Viewed as a front end processor for the host computer, the invention provides a single integrated circuit which greatly reduces the software needs and computing burden for the host computer.
Returning to FIG. 1, we see that transmit unit 11 includes the transmit serial input/output unit 16, the high-level data-link control (HDLC) unit 17, and a random access memory 18, which enables one synchronous formatter to keep track of all 32 independent channels.
In the preferred embodiment of FIGS. 2 and 3, which fit together as shown in FIG. 7, there are shown in block diagrammatic form the elements that enable the dynamic channel allocation and the interrupt-queue structure, and other features, of the present invention.
Clock signals are generated in clock generator 21, responsive both to an external clock (CLK) and the various signals coming from the interface 15; and everything in units 11, 12 and 13 runs synchronously with the signal from the clock generator 21.
Data flows between interfaces 13 and 11 on the 40 bit data bus 22, but the various internal control signals flow within unit 11 on the control bus 23.
When host computer 14 places a command in shared memory 20, then sends a pulse on the SA lead to I/O interface 13, together indicating that a super channel of greater capacity than the 64k bit/s of a B (Bearer-general voice or data) or D (Data or Signaling channel) is needed, the synchronous formatter responds to the SA signal by reading the new information in the shared memory 20, which designates a sufficient number of channesl, and the proceeds to put together a channel of sufficient overall bandwidth.
Logical channel number circuit 28 plays an essential role in this process by mapping the locations of the timeslots into channels and super channels.
The interrupt-queue structure of the present invention is implemented as follows:
The circular interrrupt queue of up to 4096 words of 16 bits is set up in the shared memory 20. The queue is circular in that the last sequential position in the circular interrupt queue is sequentially linked to the first position, so that interrupt-queue pointer 32 in control 13 moves smoothly from the last position to the first.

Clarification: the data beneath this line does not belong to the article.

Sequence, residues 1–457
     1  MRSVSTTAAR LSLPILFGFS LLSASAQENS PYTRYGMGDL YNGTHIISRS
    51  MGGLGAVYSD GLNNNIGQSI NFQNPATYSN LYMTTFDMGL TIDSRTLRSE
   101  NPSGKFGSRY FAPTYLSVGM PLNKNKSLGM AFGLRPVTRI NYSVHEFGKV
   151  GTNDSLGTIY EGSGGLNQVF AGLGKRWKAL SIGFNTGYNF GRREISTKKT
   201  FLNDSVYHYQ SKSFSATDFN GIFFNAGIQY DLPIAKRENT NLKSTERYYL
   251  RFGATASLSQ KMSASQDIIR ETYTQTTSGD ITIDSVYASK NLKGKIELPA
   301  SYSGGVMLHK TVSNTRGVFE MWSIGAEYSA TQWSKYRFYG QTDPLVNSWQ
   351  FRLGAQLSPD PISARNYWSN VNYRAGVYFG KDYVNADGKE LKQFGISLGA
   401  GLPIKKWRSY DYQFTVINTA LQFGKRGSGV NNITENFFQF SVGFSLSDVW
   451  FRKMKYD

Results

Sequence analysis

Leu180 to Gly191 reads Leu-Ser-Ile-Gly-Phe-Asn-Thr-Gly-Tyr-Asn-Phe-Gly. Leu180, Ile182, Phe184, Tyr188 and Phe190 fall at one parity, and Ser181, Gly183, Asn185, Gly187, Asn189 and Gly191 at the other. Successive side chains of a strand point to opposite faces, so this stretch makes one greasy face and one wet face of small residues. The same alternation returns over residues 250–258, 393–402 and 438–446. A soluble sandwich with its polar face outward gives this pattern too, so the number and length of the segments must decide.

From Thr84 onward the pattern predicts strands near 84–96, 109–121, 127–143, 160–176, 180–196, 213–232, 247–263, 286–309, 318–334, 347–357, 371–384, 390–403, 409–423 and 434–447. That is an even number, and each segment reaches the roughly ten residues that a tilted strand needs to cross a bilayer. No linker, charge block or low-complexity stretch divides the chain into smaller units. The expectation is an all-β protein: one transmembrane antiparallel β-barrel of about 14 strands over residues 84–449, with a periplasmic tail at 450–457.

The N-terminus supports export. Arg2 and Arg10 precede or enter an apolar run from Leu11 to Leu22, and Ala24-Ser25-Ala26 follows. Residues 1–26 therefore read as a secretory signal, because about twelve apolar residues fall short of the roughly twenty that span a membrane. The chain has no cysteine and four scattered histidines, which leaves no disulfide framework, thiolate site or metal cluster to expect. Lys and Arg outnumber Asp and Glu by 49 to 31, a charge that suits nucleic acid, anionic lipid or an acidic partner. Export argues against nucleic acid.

The purpose of the interrupt queue is to store conditions (needing attention) found in the data handled in the synchronous formatter in the unit 11 or 12, respectively. To this end, the formatter has immediate access to the shared memory. Simultaneously, it advances the queue pointer 32 and sends an alert signal to the host computer 14 (shown in FIG. 1) on the INT lead.
If the host computer has more urgent processing priorities, it will temporarily ignore the interrupts, but the formatter has set a bit in the interrupt queue which will later lead the host computer to find the corresponding address in the interrupt queue, and proceed to do the appropriate processing, record updating, etc. The entries in the interrupt queue are dealt with strictly sequentially. The interlock mechanism we currently use is via the setting and clearing of a flag bit within each word in the circular interrupt queue. The formatter sets this bit when an interrupt condition is generated and advances the interrupt Q pointer held in the interface unit 13. The host after reading the circular queue clears this flag bit and advances its own interrupt Q pointer. In this way the host is always chasing the formatter around the circular queue. No problem can develop as long as the formatter pointer doesn't lap the host pointer.
The cyclical redundancy code (CRC) control 34 differs from the prior art in the flexibility with which the code can be calculated on the complete transmitted frame, or only upon the address and control fields in the case that voice signal data is currently being transmitted, or not at all in the relay mode.
If the device is programmed for voice signal processing then, in the receiver 12, the CRC register contents is frozen after some number of header bytes are received. As additional data is received a comparison is done between the frozen CRC and the newly received data. When a closing flag delimiter (0 1 1 1 1 1 1 0) is received the frozen CRC register contents will be equal to the previous two bytes (before flag) if there are no errors in the frame. The received CRC is always written to the shared memory 20 by the interface unit 13.